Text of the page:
SIFF Film Review – The Way, Way Back
Adolescence is a rough time for everybody. And the movies have a long, varied tradition of pumping out various coming-of-age tales. Some have been classics; some, not so much. But for anyone that is living through or has lived through their early teenage years, a lot of times these films hit a chord of truth. Adding to this tradition is the new gentle comedy The Way, Way Back.
This is the first film from Nat Faxon and Jim Rash (who plays Dean Pelton on Community and is Internet famous for his Angelina Jolie leg meme) since their Oscar win for writing The Descendants. This time they direct as well. They seem attracted to the notion of quirky characters attempting to find themselves. Here they have assembled a large cast of actors that we all like watching most of the time. Their dialogue is snappy and cute. While the storytelling may be a little obvious, the characters created are so much fun to spend time with that it overrides most of the feeling that we’ve seen most of this movie before. It’s like skilled cooks making your favorite dish: it’s not new, but it’s pleasing.
The Way, Way Back stars Liam James (Linden’s son on TV’s The Killing) as the awkward, introverted 14-year-old Duncan, who never comes out of his shell and on a scale of 1 to 10 sees himself as a 6. His divorced mother, played by Toni Collette, her jerky boyfriend Trent (Steve Carell), and Trent’s daughter drag him to Trent’s beach house for an extended summer vacation. This vacation is a chance for the adults to party with their overbearing friends, which include Rob Corddry and Amanda Peet as a married couple with the party boat, and the always wonderful Allison Janney as their alcoholic neighbor. Janney has a cute daughter (AnnaSophia Robb), on whom Duncan has a silent crush, and a younger son, Peter (River Alexander), who has many jokes made about his lazy eye.
Duncan is pretty miserable being stuck watching the grownups drink all night and having girls on the beach thinking he’s odd. His summer picks up, however, when he meets the charming slacker Owen (Sam Rockwell), who manages the local rundown water slide park. They initially bond over a game of Pac-Man, and Duncan quickly latches onto Owen as a rare positive adult influence. Owen’s crew at the park includes Faxon, Rash, and Maya Rudolph as the lone voice of reason in a place that he essentially treats as his fiefdom. Owen is charming and quite fun for the kids surrounding him. He has a constant stream of jokes and patter that it takes Duncan a while to catch on to.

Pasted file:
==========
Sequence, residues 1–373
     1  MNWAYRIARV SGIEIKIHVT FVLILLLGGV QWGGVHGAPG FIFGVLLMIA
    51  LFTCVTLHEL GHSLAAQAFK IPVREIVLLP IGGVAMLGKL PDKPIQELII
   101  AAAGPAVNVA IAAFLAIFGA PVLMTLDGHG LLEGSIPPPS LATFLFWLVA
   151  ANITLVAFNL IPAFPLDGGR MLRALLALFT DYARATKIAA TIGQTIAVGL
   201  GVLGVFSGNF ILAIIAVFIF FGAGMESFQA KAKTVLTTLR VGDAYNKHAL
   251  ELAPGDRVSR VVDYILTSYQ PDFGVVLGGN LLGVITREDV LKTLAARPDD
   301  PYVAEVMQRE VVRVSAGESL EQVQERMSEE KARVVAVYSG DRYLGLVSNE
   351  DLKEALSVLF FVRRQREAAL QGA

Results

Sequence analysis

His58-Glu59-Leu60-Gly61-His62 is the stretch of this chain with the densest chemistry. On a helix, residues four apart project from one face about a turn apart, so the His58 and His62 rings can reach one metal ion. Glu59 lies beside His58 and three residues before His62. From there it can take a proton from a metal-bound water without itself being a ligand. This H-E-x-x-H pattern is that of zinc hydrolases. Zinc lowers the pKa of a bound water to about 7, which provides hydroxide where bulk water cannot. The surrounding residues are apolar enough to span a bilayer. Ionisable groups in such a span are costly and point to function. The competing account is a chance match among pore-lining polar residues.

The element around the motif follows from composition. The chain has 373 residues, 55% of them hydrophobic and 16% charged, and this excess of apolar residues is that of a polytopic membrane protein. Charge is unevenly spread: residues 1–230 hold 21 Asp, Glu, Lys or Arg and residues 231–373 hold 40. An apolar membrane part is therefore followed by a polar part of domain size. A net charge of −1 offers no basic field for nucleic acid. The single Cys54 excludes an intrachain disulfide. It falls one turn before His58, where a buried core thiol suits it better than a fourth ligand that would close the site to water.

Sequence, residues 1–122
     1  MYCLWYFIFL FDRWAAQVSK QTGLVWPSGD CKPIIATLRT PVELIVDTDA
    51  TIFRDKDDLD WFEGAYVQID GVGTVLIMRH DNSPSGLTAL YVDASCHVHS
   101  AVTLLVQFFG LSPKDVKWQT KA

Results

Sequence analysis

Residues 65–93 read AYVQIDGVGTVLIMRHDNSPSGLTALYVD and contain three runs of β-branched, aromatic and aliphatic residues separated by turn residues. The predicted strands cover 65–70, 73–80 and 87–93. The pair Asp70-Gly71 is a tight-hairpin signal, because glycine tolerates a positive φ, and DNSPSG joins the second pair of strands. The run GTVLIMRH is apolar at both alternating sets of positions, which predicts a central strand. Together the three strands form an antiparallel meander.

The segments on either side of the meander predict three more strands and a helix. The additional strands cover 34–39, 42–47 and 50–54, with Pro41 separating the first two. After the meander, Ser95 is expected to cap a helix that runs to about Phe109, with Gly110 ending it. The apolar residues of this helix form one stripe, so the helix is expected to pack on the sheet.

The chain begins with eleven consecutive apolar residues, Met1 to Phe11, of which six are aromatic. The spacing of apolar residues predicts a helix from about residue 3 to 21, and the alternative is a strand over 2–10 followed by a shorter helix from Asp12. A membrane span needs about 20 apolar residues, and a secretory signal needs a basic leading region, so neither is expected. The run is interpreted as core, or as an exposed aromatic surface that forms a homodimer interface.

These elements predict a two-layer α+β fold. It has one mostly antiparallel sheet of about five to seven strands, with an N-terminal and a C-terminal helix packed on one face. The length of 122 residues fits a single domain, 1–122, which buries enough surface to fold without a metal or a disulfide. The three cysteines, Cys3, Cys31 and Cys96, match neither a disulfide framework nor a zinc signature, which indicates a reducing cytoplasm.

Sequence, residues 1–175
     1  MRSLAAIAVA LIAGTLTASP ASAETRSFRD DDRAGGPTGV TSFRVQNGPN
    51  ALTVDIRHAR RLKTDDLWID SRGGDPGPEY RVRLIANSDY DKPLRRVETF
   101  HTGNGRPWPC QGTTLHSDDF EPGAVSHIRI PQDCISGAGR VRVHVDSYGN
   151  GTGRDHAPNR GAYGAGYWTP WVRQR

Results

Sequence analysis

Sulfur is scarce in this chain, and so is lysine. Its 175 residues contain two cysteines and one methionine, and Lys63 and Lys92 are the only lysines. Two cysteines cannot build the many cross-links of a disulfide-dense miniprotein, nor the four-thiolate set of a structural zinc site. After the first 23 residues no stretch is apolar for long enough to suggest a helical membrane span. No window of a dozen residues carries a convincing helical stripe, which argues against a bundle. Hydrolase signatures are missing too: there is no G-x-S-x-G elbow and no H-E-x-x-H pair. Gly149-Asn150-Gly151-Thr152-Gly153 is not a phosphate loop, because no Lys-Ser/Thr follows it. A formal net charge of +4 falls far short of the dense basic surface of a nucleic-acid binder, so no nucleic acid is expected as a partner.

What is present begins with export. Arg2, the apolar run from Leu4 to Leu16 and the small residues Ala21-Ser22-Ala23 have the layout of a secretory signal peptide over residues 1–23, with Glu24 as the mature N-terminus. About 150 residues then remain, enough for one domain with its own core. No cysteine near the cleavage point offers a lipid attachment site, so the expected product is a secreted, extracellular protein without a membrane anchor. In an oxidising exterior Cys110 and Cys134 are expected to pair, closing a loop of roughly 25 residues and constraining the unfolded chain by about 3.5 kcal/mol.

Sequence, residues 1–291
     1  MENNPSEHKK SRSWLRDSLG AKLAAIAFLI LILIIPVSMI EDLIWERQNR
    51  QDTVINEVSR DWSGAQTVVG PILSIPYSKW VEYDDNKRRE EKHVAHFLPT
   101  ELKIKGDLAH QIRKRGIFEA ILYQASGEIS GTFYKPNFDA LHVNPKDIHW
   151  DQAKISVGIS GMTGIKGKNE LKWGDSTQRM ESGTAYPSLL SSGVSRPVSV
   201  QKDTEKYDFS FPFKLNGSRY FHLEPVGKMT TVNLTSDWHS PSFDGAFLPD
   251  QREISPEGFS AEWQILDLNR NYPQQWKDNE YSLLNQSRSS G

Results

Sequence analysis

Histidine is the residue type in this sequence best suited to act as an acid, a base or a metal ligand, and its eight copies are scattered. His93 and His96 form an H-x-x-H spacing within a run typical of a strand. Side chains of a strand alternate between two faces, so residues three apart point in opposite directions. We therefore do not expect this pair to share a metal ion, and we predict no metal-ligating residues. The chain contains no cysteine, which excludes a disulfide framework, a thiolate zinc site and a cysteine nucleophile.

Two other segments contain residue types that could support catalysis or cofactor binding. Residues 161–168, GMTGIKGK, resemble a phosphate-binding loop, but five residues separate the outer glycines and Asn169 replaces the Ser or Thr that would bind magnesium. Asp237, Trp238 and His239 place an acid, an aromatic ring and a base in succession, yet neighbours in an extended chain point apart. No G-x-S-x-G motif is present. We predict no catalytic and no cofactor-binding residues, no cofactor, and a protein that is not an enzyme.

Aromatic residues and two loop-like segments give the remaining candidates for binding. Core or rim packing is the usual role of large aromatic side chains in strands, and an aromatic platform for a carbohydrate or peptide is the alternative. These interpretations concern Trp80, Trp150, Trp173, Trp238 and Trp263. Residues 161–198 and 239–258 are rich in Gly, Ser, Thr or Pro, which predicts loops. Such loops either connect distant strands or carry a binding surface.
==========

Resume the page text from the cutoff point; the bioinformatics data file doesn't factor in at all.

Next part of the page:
As you can see, this is a particularly stellar cast. Carell is the big jerk in the household, but without being cartoonish or turning into Michael Scott. He’s the kind of passively controlling adult we’ve all dealt with before. Collette plays conflicted well, as she seems torn between her son and her potential life partner. Janney is boisterous as the aging party girl who’s trying to compensate for being dumped by an ex-husband who moved on to a much younger woman. But in particular, I have to come out and admit I think I’ve developed a man-crush on Sam Rockwell. He plays the most fun character to listen to here. Whether using communist dictators as nicknames for kids attending his water park or philosophizing over not following patterns in video games or telling a parking attendant to be careful with his convertible because “it’s just the right amount of crappy,” Rockwell is a charmer. He always seems to be the best thing in whatever movie he appears in, good or bad. He redeemed most of Iron Man 2, he can hold his own in a movie like Moon, he was watchable back when we didn’t know who he was in GalaxyQuest. Why he isn’t more of an above-the-title named star at this point is beyond me. But here again he makes the most of his screen time.
The Way, Way Back is definitely in the mode of past teenage dramedies. It shares a lot in common with Adventureland if that movie had been slightly more wholesome. Or if you liked Moonrise Kingdom but are looking for something a little more straightforward. Actually, tonally this feels a lot like Faxon’s recently departed series Ben and Kate. That show was quirky, charming, and sweet. So is this. And it should be good counter-programming to the other big new release that features giant robots, dinosaurs, explosions, and IMAX 3D. This movie is for everyone looking for characters over flash.
Final Grade: B+